“The ancient world relied on might and power of the armies to resolve contestations. Modern times have seen the ascendance of the power of the pen and debating for resolving relations among nations. Multi-laterals, bi-nationals and a plethora of Resolutions and Protocols have become very important tools for good neighbourliness and world peace. Force has not been cancelled by these peaceful tools. But it has been immensely limited”.
These are the words of the South African Ambassador to Germany, the Rev Makhenkesi Arnold Stofile. The Ambassador was addressing a reception co-hosted by the German Africa Foundation, German Chamber of Commerce and Industry, Africa-Verein, and Siemens AG, in Berlin today. The theme of the gathering was “Task, Challenges and Ideas”.
Ambassador Stofile continued: “From time immemorial, since the evolution of societies and nation states, human relations have always been defined by access to resources for livelihood and well-being. The search for resources, their protection and later ownership of e.g. land, minerals, animals, roots and fruits have always been defined relations. In the modern era the situation has not changed but has become more sophisticated. National interests have replaced what old sociologists called ‘human needs’. But the essence of what defines relations remains basically the same”.
Explaining his presence in Germany, the Ambassador said: “Such Diplomatic Missions are established with the mutual consent of our two states. My function in Germany largely corresponds with those of my counterpart in South Africa, Ambassador Dr Haller. They are:
“To represent the Republic of South Africa (RSA) and protect its interests in Germany within International Law. Negotiate (whenever necessary) with the Government of Germany. Promote friendly relations between our two countries and peoples. To develop and facilitate strong economic, cultural and scientific relations between our two countries”.
Referring to the economic consolidation of Africa, Rev Stofile pointed out: “We must strive to consolidate the African Agenda. This means the promotion and popularisation of NEPAD (New Economic Programme for the Development of Africa) and its programmes for the development and enhancement of Africa. African trade and investment must be aligned to regional and sub-regional Strategic Plans. It is also our task to support good governance and democratisation initiatives in Africa in partnership with the German Government and institutions.
“We will strive”, continued the Ambassador, “to strengthen our cooperation with Germany. Our two countries have cordial and dynamic relations based on mutual trust and equal partnership. Germany is our largest economic partner in Europe and our number 4 in the world. Together with Germany, we are confronting such challenges as poverty, underdevelopment in Africa, skills transfer, post-conflict reconstruction, peace and security. As non-permanent members of the UN Security Council, we consult regularly to develop common approach to our endeavours to reform the UN and other institutions of Global Governance. We work closely in promoting human rights and global political and socio-economic stability within the multi-lateral system”.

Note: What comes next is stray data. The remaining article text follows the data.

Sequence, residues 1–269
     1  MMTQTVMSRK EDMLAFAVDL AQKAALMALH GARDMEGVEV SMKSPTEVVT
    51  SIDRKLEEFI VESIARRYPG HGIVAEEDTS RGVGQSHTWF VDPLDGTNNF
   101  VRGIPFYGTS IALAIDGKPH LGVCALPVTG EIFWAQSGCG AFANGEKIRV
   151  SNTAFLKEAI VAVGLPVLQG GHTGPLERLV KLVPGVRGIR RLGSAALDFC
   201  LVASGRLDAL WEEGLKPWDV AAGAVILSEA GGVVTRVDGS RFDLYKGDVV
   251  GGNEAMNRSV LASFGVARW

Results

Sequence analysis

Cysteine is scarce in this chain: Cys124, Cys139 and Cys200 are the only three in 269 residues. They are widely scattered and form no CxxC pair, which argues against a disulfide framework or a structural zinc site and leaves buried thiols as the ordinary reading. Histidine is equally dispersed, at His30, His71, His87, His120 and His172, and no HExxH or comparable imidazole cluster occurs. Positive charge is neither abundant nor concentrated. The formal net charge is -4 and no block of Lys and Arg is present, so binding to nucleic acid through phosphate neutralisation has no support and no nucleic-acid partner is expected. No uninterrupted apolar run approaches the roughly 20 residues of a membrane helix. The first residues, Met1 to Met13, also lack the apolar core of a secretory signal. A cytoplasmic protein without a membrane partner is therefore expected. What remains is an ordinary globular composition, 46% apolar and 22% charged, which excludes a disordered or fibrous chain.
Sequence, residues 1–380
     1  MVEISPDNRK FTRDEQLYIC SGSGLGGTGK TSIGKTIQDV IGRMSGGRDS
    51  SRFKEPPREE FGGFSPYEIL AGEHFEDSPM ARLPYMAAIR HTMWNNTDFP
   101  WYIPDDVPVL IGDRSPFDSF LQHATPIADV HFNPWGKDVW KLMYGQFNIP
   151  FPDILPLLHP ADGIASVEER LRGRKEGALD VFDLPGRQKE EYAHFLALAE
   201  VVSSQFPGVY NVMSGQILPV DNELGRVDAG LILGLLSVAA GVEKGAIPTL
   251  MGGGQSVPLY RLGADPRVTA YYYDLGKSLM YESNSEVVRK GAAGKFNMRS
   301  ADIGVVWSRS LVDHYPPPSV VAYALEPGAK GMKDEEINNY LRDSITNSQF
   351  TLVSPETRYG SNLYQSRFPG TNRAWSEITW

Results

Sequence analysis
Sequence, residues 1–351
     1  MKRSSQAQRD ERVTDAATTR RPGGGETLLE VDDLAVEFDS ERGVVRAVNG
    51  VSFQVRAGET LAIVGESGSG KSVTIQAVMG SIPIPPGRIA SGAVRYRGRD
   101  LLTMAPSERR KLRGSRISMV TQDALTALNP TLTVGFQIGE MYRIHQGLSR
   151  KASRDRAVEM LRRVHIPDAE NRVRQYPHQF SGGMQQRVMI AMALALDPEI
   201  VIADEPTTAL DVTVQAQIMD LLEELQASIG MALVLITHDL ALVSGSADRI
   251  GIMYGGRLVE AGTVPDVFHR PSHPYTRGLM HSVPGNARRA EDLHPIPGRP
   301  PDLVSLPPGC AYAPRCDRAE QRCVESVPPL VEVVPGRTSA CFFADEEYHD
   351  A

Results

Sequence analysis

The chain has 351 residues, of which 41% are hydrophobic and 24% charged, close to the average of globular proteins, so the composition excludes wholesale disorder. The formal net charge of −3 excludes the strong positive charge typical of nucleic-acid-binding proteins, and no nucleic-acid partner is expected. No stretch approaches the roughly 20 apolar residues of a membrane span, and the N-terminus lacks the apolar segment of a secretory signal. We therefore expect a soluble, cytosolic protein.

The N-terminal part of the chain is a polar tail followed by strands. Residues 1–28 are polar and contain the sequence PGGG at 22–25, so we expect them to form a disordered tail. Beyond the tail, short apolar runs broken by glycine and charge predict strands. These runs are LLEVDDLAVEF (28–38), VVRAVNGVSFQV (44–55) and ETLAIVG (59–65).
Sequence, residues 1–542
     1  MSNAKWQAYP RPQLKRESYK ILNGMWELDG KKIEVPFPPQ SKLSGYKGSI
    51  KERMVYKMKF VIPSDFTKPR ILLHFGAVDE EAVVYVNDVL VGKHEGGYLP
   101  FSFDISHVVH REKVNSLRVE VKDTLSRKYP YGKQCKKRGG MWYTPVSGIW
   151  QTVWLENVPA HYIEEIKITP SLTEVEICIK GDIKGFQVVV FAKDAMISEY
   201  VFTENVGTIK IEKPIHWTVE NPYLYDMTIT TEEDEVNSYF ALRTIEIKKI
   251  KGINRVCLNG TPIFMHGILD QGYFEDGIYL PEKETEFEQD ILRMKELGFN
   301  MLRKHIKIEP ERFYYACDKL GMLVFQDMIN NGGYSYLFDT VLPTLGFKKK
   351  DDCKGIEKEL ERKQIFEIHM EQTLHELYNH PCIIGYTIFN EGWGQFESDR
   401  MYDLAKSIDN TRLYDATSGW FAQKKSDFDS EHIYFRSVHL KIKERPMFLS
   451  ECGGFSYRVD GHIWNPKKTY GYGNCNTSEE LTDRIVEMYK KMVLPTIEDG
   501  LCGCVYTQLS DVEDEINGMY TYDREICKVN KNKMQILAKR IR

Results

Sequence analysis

Referring to the challenges that face his mission here in Germany and those of South Africa, Ambassador Stofile explained:
“After centuries of colonial conquest followed by many decades of segregation, protest, resistance and brutal repression, our country is on the way to a fully functional and participatory democracy. A significant progress has been made towards making our country a more just and inclusive society. Our political institutions have been entrenched through four national, provincial and local government elections. Such institutions as an independent Judiciary, a Public Protector, Auditor General, Human Rights, a Gender and Electoral Commissions are strong bulwarks for our democracy.
“But”, asserted Ambassador Stofile, “much more has still to be done. Divisions of race, gender and class remain. More often than not inequality reflects these lines of division. The continued social and economic exclusion of millions of South Africans is our biggest challenge. These have a historical basis in apartheid and are driven by a poor quality of education for many blacks which leaves a lot of people unemployed, poor and unemployable. Improving the supply and relevance of skills is desperately needed at home.
“Therefore”, appealed the Ambassador, “we are challenged to grow the level of German investments in South Africa and vice versa. We are also challenged to come up with innovative technologies that will provide more jobs and skills for our people. The agreements between Germany and South Africa on Education, Science and Technology, Skills training, Provinces/Lände and City/City cooperatives must be made to work smarter and faster. Public Representatives could assist by organising South Africa or Africa Days in their constituencies. This would afford us the opportunity to explain our challenges properly to a broader public”.
In conclusion, Ambassador Makhenkesi Arnold Stofile, had this to say.
“We are cognisant of the immensity of our responsibilities. But we also know what happens when we work together. Preparations and the hosting of the 2010 FIFA World Cup started with Germany and South Africa working together since 2004 already to prepare for the 2006 World Cup in Germany. The history of South Africa/Germany is very long. Of course it has not always been positive. But that is what diplomatic missions are for – to iron out problematic areas. Some German Companies have been in South Africa for more than 150 years. We have climbed many hills together. We dare not stop now”.